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Climate•7 min read
An industry-funded startup is the first ever carbon marketplace to give climate credit to a mega-dairy.
Words by Grace Hussain
The dairy industry has launched a new strategy in its appeal to rebrand milk to consumers as climate-friendly. Backed with funding from California’s dairy sector, the startup Athian has launched the first ever carbon trading scheme to credit industrial dairy farm operations. For now, Athian’s sole prescription for generating carbon credits is to feed cows a pharmaceutical that gets them to produce the same amount of milk on less feed. That particular drug, Rumensin, is also owned and marketed by Elanco, a leading veterinary pharmaceutical maker and major investor and “co-creator” of Athian.
Founded in February 2022, Athian bills itself as an “industry-led platform to fund carbon projects within the livestock value chain.” The startup hosted its first sale in January of this year, when the national milk marketing cooperative Dairy Farmers of America purchased a carbon credit from a dairy farm in Texas. That sale in turn enabled the dairy marketing firm to claim more than 1,000 carbon credits — each equivalent to a 1 ton reduction in carbon equivalent emissions — and helped move the dairy industry closer to its larger goal. Milk companies can now label products “climate neutral” in order to assure consumers that the dairy they buy isn’t contributing to climate change. In reality, dairy is far and away the worst milk option for the environment. Dairy emits around three times as much as any plant-based alternative, and requires nine times as much land over even the most land-hungry plant milk.
For now, Athian’s carbon credits are based solely on Rumensin, but there are other protocols in the works, including a manure management strategy and another feed additive, Bovaer. The startup is much more than an investment vehicle for the industry. There are millions in climate funding at stake. The company announced in mid-December of last year that it will be used as a platform by eight dairy projects awarded more than $80 million in total federal conservation dollars to reduce emissions from dairy farms.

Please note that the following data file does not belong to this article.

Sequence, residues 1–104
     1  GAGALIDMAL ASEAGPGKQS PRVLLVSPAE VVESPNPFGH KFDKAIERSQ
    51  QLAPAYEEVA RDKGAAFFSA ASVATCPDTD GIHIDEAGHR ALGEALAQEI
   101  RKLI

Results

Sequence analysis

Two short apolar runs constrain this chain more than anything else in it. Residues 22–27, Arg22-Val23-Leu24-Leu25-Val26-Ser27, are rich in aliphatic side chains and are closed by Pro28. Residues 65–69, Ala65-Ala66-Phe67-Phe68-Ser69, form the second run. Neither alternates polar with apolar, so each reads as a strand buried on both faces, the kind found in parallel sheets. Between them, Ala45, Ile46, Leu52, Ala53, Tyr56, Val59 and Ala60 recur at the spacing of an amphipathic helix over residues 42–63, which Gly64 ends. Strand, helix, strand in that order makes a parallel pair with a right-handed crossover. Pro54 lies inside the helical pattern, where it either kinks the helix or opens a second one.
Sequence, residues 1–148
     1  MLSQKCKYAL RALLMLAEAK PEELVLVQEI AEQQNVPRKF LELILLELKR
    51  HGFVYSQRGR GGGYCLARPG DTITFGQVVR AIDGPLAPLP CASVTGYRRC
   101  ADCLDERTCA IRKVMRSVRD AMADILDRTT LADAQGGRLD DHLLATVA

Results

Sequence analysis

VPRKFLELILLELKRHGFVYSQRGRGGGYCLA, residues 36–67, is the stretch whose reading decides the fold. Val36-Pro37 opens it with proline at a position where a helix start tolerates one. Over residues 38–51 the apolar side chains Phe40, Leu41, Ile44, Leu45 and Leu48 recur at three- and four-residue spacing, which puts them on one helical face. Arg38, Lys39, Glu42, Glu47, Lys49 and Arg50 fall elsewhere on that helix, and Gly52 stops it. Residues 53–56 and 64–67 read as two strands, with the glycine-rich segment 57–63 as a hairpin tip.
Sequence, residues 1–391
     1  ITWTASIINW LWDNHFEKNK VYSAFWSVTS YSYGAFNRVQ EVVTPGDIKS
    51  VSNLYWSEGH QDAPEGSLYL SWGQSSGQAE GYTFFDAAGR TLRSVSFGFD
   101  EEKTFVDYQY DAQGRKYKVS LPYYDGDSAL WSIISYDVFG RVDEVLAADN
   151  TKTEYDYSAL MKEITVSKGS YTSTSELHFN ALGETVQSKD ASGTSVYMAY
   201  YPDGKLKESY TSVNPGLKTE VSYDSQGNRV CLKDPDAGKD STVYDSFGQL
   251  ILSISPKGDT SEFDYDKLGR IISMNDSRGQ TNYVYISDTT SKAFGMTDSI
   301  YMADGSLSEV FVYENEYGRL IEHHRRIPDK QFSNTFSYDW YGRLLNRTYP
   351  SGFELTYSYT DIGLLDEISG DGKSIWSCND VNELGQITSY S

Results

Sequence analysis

In recent years, carbon markets have become increasingly popular with companies looking to offset their greenhouse gas emissions. The credits are supposed to be generated by actions that reduce or sequester pollutants, such as tree-planting initiatives or, in this case, a dairy industry pharmaceutical touted as an emissions-buster. Companies purchase the credits to counterbalance their own pollution — but critics of carbon markets say corporations are overusing credits as a way to avoid having to draw down their own emissions.
Worse, many carbon banks have been accused of exaggerating their climate benefits. One investigation found that 39 out of 50 carbon market schemes failed to meet the promised emissions cuts.
In recent years, the agriculture sector has launched a number of carbon markets based on farming methods, mostly relying on soy and corn growers who use regenerative practices like no-till and cover crops. The launch of Athian marks the first time a carbon market has given credits directly to the meat and dairy industry, which collectively contribute around 14 percent of all greenhouse gas emissions. Dairy foods are particularly bad for your carbon footprint, making up as much as one third of the carbon emissions of a typical Western diet.
The startup oversees livestock producers every step of the way — selecting the practice that reduces emissions, tracking the impact, assigning it a credit value, getting the credit certified by one of the third party verifiers and, ultimately, supporting the sale of the resulting carbon credits.